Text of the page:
Should Florida Really Be Considered a Sleeper in 2014?

Ben KerchevalCollege Football Lead WriterMay 22, 2014

Florida head coach Will Muschamp, right, leads his team out on the field against Georgia during the first half of an NCAA college football game in Jacksonville, Fla., Saturday, Nov. 2, 2013.(AP Photo/John Raoux)
John Raoux/Associated Press

Despite just one losing season in Gainesville—last year's 4-8 disaster—Florida coach Will Muschamp could be fighting for his job in 2014.

However, the Gators also have a chance for a major turnaround—perhaps the biggest in the SEC. More importantly, they can atone for, well...


For one, Florida should have another solid defense this season. Of all the problems this program had a year ago, defense wasn't one of them. The Gators finished third in the SEC (15th nationally) in points allowed (21.1) and second in rushing defense (142 yards per game).

They were also one of the best in the conference at keeping big plays to a minimum, getting off the field on third downs and ending up tops in opponents' red-zone touchdown percentage.

The point being, if Florida didn't have, statistically, the worst offense in the SEC coupled with devastating injuries on both sides of the ball, last season could have looked drastically different.

Vernon Hargreaves
Vernon HargreavesJohn Raoux/Associated Press

That defense lost some big names: Defensive tackle Dominique Easley, linebacker Ronald Powell and corner Loucheiz Purifoy come to mind.

But others return, like linebackers Michael Taylor and Antonio Morrisonwho were Nos. 1 and 2 on the team in total tacklesdefensive end Dante Fowlerwho led the team in tackles for lossand All-American corner Vernon Hargreaves.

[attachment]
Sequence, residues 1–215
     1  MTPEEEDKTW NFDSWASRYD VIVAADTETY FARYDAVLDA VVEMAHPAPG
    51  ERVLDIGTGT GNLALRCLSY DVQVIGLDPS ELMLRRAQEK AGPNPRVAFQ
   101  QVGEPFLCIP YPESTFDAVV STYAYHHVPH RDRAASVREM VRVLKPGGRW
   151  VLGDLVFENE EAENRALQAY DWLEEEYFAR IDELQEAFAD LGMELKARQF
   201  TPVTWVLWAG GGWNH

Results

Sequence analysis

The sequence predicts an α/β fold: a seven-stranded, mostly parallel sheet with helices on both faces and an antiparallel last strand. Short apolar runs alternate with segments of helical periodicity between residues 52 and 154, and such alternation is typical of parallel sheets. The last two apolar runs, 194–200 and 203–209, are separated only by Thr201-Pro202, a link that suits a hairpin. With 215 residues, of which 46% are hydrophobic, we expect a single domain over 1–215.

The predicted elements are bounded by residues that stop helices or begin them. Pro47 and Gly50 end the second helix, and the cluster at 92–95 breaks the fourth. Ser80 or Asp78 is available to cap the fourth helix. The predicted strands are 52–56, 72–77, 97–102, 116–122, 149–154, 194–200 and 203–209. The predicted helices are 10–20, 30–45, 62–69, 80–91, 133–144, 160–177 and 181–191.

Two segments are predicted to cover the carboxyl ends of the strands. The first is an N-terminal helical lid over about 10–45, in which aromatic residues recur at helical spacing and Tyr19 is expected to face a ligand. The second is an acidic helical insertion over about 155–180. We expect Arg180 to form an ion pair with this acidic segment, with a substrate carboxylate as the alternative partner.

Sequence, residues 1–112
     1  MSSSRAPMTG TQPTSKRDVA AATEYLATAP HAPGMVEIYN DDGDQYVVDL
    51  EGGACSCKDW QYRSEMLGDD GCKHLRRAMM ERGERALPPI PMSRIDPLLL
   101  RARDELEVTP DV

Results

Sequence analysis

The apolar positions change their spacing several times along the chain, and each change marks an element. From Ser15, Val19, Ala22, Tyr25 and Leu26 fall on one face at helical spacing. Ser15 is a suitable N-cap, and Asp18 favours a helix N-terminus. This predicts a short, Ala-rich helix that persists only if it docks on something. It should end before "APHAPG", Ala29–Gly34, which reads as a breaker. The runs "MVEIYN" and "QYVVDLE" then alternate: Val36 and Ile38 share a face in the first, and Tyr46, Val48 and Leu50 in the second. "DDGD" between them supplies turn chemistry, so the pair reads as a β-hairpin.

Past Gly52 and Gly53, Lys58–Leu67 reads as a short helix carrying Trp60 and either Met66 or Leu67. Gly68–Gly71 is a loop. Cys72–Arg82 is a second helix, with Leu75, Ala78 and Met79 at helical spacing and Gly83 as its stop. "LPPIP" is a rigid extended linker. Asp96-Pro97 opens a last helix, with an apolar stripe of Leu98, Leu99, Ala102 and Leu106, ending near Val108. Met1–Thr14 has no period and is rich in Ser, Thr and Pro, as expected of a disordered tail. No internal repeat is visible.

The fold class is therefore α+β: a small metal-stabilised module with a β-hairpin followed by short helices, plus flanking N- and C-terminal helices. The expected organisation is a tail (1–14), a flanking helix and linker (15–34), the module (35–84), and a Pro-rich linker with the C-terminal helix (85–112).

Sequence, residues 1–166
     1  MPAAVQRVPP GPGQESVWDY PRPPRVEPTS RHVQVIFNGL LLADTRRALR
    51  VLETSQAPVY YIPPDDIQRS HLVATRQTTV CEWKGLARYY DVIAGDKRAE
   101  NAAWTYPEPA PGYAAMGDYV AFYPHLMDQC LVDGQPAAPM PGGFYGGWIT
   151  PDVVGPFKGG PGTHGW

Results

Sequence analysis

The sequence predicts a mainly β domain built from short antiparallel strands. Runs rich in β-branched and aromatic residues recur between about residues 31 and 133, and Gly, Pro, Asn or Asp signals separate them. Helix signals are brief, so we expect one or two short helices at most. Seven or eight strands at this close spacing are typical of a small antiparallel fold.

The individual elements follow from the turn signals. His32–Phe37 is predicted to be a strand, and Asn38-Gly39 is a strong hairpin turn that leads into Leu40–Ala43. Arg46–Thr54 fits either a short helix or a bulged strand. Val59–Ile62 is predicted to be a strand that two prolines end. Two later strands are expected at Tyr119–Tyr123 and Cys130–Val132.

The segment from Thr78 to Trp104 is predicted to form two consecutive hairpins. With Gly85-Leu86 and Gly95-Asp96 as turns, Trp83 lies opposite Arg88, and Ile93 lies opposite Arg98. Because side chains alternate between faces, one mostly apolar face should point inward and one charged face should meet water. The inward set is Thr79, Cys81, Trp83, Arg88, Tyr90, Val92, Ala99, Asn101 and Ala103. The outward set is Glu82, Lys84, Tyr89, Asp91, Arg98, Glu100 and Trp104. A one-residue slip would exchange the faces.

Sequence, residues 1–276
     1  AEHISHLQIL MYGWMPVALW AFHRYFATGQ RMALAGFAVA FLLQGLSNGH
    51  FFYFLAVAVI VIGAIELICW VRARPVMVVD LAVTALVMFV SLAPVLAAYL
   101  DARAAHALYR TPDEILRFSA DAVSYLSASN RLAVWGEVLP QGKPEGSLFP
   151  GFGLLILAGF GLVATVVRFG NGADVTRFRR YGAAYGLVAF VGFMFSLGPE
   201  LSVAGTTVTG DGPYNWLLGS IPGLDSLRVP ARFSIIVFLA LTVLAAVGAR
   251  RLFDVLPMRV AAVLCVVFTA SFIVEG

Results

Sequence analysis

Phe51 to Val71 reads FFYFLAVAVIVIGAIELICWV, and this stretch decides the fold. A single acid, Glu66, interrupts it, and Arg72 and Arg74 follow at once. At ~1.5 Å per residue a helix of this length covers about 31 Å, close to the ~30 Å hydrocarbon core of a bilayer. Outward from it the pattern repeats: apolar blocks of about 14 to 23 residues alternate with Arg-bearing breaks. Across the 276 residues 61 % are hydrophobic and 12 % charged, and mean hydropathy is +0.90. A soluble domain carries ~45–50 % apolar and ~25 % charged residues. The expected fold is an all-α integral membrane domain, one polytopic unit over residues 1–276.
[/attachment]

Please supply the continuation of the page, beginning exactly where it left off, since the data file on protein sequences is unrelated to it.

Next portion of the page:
It's the offense that needs a reboot, which is why Muschamp brought in offensive coordinator Kurt Roper from Duke.

As Bleacher Report's Barrett Sallee pointed out in April, Roper and quarterback Jeff Driskel should be a perfect match.

"I didn't get to see him much before I got here,'' Roper told in March. "That's a big, powerful, fast-twitch, natural throwing motion. He is talented, folks. We're sitting here talking about a guy who is really, really gifted."

That quick-strike ability from Driskel in Roper's uptempo offense should work nicely.

Driskel also has plenty of capable skill players around him, from running back Matt Jones to wide receiver Demarcus Robinson. The key will be staying healthy and stepping up on the consistency front.

So, in an ideal world where Florida is healthy and clicking on all cylinders, how does it stack up against SEC East favorites Georgia, Missouri and South Carolina?

John Raoux/Associated Press

The good news for the Gators is that they get the Tigers and Gamecocks at home (on Oct. 18th and Nov. 15th, respectively). Playing in The Swamp didn't mean much last year—the Gators were 3-3 there—but the opposite held true in 2012, when the team won every home game on its schedule.

It's still an advantage for Muschamp's team.

Like Florida, Georgia and South Carolina also return plenty of starters, despite the losses of guys like quarterback Aaron Murray and defensive end Jadeveon Clowney, respectively.

Even Missouri, which loses a lot of starters on paper, has experience coming back.

However, each team also has its own set of question marks.

How will Georgia's defense look under first-year coordinator Jeremy Pruitt after taking several licks last season? How will starting quarterback Dylan Thompson play for the Gamecocks after backing up the underrated Connor Shaw? Can Missouri's offense thrive without receiver Dorial Green-Beckham?

The answers to those questions probably won't be known until we reach the heart of conference play. Florida will undoubtedly be favored—heavily—for their first three games against Idaho, Eastern Michigan and Kentucky.

Then, a Sept. 20 road game at Alabama arrives, followed by another road trip to Tennessee. LSU, Missouri and Georgia follow in succession.

It should be right around that part of the schedule when we find out what kind of team Florida has.

Are the Gators a sleeper team in the SEC? Given the players coming back and the coaching addition, it's hard to say no. The question is whether the program can put everything together and get Muschamp firmly off the hot seat.


Ben Kercheval is a lead writer for college football at Bleacher Report. All quotes cited unless obtained firsthand. All stats courtesy of